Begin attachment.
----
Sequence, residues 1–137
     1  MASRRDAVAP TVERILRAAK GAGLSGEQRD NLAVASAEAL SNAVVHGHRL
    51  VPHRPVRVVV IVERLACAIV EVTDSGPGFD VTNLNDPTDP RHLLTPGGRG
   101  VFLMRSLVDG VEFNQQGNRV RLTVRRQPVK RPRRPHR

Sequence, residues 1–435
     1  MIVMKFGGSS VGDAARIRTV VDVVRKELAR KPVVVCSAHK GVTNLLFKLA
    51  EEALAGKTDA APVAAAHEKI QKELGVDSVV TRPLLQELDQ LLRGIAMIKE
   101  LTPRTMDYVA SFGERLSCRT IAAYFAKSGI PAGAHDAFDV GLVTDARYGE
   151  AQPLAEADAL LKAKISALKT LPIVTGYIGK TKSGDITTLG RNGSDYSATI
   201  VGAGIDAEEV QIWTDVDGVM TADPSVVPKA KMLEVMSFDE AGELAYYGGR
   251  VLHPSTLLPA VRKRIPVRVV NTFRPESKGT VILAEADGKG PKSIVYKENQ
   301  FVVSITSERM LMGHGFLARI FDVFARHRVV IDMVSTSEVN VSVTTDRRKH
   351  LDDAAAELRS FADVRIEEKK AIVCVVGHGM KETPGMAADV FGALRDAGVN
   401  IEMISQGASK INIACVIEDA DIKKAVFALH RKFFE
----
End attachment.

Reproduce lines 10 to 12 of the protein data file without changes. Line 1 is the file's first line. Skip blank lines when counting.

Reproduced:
   201  VGAGIDAEEV QIWTDVDGVM TADPSVVPKA KMLEVMSFDE AGELAYYGGR
   251  VLHPSTLLPA VRKRIPVRVV NTFRPESKGT VILAEADGKG PKSIVYKENQ
   301  FVVSITSERM LMGHGFLARI FDVFARHRVV IDMVSTSEVN VSVTTDRRKH